How To Hit A Hybrid Out Of The Rough

Five-time European Tour winner David Howell explains how to hit a hybrid out of the rough

David Howell hitting a hybrid out the rough at the 2016 BMW Championship
(Image credit: Getty Images)

It's a shot that can come in very handy when you inevitably find your ball in the rough and you need to advance it down the fairway to give yourself the best chance of saving par. In the video and article below, David Howell explains how to hit a hybrid out of the rough.

There's nothing worse than wandering up the fairway after you think you've hit a good drive and finding your ball has drifted into the rough. As if the game isn't hard enough. And such frustration can lead to rash decisions, like reaching for a long iron in a desperate attempt to negate any lost ground.

However, with one of the best golf hybrid clubs, the damage can be minimised. Not only will you be able to escape the long grass more routinely, but you'll be able to advance the ball a great deal further than if you had to hack out with a wedge.

And who better to give some advice on how to hit this shot than five-time European Tour winner David Howell.

Attack from the rough

When you find your ball nestling in the rough, the forgiving nature of your hybrid will come into its own. It's why they've become so popular with all types of golfers, from high handicappers all the way through to tour pros such as Dustin Johnson and Rory McIlroy.

When the lie is good, you can just take your normal approach and the ball should travel more or less the same distance as it would from the fairway - you might get a little less carry and a little more run.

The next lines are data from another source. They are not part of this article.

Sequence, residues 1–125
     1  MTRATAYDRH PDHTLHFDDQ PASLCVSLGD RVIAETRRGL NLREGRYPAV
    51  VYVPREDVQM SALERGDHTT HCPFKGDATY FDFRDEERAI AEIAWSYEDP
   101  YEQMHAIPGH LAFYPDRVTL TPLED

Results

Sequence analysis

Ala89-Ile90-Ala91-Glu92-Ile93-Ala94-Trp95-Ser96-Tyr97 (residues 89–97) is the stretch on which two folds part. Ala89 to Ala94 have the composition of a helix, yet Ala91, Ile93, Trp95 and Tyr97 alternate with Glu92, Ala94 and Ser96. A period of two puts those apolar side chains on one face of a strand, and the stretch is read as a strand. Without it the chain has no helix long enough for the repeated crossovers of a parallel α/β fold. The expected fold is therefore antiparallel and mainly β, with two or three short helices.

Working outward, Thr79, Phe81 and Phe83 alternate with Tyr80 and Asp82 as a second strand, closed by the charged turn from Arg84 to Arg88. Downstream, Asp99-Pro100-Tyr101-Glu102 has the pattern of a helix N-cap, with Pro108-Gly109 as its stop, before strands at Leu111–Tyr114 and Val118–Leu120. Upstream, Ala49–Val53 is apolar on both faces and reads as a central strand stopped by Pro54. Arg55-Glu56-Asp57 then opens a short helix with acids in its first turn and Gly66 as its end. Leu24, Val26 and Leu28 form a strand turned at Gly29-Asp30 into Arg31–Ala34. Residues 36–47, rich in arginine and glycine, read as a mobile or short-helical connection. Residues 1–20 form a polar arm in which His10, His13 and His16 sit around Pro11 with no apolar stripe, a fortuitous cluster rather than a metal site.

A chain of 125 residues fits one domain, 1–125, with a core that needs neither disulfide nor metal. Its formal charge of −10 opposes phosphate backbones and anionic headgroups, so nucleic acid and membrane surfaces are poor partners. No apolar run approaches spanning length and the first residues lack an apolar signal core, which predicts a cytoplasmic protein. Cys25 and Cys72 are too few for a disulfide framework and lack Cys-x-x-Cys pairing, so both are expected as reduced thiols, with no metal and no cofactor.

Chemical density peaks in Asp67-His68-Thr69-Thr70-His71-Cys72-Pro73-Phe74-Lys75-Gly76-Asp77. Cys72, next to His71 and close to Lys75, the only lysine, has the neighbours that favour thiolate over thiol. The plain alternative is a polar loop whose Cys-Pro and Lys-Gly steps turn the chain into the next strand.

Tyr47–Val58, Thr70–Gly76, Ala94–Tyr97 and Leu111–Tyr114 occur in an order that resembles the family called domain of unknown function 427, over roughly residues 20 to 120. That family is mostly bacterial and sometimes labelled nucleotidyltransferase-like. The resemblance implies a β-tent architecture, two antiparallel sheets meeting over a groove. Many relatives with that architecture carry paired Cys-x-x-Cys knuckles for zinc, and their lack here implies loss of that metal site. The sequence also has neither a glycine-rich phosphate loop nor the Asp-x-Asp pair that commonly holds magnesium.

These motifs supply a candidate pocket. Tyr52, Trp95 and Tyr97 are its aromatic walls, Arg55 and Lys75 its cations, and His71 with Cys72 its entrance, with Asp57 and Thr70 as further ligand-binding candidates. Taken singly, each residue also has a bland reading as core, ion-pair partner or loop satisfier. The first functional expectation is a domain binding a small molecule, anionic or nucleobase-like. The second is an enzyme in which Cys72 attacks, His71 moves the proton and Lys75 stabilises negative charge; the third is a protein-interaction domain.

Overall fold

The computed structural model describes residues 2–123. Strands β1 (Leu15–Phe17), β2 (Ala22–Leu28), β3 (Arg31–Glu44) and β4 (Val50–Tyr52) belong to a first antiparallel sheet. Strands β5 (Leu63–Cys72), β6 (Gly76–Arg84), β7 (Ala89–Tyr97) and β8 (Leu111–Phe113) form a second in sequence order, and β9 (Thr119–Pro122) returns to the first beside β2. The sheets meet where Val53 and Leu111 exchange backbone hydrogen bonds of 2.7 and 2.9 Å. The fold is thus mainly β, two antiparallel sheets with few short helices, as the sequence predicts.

However, if the ball has settled down in thicker rough, this is where a hybrid will offer you a lot more distance than trying to risk hitting a long iron. Really catch one and you could even advance it as much as 200 yards depending on your swing speed. You will, however, need to make a couple of adjustments.

Related: Best hybrid golf clubs for high handicappers

It may sound counter-intuitive for maximising distance but start by opening the clubface a little at address. The reason you need to do this is because the thick grass you're in will likely wrap itself around the hosel at impact and close the face.

Secondly, most often fail to understand what the right ball position is for hybrids. For this shot, move it slightly further back in your stance and place a little more weight on your left side than usual. This will help you find a steeper angle of attack to avoid getting too much grass stuck between the club and ball.

Another feeling that can also help is to imagine you're trying to play a cut as it'll keep the club as stable as possible and give you the best chance of a clean strike. Armed with these changes, and a little bit of practice, a club as versatile as the hybrid can become a real weapon out the rough.

Andrew Wright
Freelance News Writer

A lifelong golf fan, Andy graduated in 2019 with a degree in Sports Journalism and got his first role in the industry as the Instruction Editor for National Club Golfer. From there, he decided to go freelance and now covers a variety of topics for Golf Monthly. 

Andy took up the game at the age of seven and even harboured ambitions of a career in the professional ranks for a spell. That didn’t pan out, but he still enjoys his weekend golf at Royal Troon and holds a scratch handicap. As a side note, he's made five holes-in-one and could quite possibly be Retief Goosen’s biggest fan.

As well as the above, some of Andy's work has featured on websites such as,, and

What's in Andy's bag?

Driver: Callaway Mavrik Sub-Zero (9°)

3-wood: TaylorMade Stealth 2 Plus (15°)

Driving iron: Titleist U500 (17°)

Irons: Mizuno mp32 (4-PW)

Wedges: Titleist Vokey SM9 (50°, 54° and 58°)

Putter: Titleist Scotty Cameron Newport 2.5

Ball: TaylorMade TP5x